Jacopo Tintoretto (1518–1594) is one of the outstanding Venetian artists of the XVI century, known for his monumental narrative scenes and insightful portraits of patricians and citizens. The exhibition explores the innovative and little-studied type of Tintoretto portrait: small, informal portrait heads, characterized by spontaneity, intensive observation and amazing modernity. These works capture both the look and the spirit of what is being painted, and are made using the famous prestezza method that Tintoretto developed.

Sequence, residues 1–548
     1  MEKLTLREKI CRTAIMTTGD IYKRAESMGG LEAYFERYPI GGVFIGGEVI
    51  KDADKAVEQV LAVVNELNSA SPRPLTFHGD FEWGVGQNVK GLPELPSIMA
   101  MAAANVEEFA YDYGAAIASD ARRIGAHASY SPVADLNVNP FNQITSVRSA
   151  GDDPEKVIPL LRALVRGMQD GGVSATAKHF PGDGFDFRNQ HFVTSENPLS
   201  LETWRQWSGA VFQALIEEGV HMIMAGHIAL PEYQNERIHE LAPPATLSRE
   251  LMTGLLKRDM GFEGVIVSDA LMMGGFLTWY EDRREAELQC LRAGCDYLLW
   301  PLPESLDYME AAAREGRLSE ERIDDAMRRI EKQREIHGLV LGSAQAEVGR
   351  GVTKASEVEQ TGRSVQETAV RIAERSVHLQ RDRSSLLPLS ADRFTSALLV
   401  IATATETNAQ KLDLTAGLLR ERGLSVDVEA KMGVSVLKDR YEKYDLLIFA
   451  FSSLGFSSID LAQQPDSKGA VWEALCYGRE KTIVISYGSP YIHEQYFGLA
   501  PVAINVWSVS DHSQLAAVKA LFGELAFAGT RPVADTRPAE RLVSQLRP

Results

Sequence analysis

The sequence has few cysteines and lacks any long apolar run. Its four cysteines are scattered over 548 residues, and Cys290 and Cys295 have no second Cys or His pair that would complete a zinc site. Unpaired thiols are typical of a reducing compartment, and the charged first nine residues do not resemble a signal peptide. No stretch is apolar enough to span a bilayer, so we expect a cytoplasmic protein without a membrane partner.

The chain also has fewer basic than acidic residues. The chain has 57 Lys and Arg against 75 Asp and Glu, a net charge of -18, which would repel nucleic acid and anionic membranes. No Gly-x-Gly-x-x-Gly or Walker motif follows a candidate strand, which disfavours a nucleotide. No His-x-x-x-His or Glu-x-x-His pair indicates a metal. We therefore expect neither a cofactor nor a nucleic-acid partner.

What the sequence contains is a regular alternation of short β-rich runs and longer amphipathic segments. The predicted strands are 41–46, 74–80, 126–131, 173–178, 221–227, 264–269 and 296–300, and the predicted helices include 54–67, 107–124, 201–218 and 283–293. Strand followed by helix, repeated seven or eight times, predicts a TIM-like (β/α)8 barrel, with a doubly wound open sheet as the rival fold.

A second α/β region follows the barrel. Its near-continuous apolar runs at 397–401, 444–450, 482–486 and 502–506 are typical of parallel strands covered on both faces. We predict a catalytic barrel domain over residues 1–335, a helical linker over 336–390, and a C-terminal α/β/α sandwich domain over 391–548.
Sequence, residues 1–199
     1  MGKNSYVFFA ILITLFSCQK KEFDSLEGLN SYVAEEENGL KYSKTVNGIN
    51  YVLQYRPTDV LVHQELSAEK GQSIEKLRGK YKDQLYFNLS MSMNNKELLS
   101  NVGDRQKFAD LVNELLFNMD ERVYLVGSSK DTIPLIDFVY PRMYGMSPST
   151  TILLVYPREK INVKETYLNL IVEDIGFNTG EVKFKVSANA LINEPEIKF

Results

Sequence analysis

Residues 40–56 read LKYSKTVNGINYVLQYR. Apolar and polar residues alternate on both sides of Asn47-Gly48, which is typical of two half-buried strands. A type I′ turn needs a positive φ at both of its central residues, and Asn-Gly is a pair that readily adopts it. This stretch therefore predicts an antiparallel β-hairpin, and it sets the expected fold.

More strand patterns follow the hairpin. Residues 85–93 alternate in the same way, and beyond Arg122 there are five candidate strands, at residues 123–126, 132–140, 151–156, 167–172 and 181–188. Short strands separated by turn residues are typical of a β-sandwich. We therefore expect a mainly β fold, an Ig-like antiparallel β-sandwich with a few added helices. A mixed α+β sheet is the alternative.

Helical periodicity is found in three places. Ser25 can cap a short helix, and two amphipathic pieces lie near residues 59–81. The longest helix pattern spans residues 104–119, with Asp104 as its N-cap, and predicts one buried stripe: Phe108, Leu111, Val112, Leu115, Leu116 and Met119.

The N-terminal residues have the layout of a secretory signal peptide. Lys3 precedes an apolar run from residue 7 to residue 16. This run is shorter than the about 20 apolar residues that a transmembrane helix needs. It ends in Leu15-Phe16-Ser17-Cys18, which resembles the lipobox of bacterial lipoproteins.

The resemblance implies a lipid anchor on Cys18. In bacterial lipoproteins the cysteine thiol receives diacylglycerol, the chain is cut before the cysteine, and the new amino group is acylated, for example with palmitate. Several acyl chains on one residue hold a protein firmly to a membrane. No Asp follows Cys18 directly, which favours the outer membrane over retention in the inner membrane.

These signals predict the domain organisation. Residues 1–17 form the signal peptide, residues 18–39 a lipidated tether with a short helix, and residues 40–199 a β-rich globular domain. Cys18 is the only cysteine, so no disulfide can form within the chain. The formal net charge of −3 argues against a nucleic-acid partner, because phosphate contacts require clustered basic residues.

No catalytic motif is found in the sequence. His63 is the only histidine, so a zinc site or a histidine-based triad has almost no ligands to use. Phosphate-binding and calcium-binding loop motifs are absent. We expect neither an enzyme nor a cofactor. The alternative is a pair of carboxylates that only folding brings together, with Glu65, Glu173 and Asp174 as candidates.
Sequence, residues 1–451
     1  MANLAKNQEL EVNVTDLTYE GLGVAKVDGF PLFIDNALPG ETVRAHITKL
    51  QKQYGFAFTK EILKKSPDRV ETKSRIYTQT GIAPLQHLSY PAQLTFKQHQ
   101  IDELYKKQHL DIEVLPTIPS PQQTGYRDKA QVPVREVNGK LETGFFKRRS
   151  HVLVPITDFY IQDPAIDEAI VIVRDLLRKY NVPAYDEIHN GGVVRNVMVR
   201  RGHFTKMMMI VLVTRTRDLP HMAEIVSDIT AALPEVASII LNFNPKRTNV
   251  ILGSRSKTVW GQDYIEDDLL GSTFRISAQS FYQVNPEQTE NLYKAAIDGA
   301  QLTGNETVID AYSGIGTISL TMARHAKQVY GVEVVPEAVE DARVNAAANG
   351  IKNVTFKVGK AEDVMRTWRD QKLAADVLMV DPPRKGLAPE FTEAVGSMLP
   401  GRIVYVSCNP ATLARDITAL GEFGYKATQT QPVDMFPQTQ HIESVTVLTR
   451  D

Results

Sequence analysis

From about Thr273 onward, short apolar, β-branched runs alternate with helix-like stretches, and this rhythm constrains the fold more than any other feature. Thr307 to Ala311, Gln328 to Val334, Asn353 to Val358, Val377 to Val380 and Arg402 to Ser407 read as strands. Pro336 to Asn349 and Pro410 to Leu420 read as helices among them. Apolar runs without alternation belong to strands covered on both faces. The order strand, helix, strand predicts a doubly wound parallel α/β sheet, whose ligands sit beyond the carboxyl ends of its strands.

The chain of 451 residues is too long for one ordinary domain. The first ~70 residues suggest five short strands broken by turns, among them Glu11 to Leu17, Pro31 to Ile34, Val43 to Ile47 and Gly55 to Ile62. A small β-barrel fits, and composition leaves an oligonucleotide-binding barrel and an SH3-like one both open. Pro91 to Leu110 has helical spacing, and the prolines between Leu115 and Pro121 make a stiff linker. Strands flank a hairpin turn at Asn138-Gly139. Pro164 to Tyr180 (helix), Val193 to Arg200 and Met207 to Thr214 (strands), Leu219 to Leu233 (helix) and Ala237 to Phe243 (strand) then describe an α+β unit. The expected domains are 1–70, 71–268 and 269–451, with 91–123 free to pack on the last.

The exhibition for the first time collected about ten portraits from European and American museums and private collections, attracting them to a wider discussion of the portrait of the artist and the approach to painting. The exhibition also shows significant aspects of artistic practice in the Tintoretto workshop, in particular the dynamic relationship between Jacopo and his son Domenico, in a series of figured drawings and paintings from the collection of the Metropolitan Museum “Finding Moses.”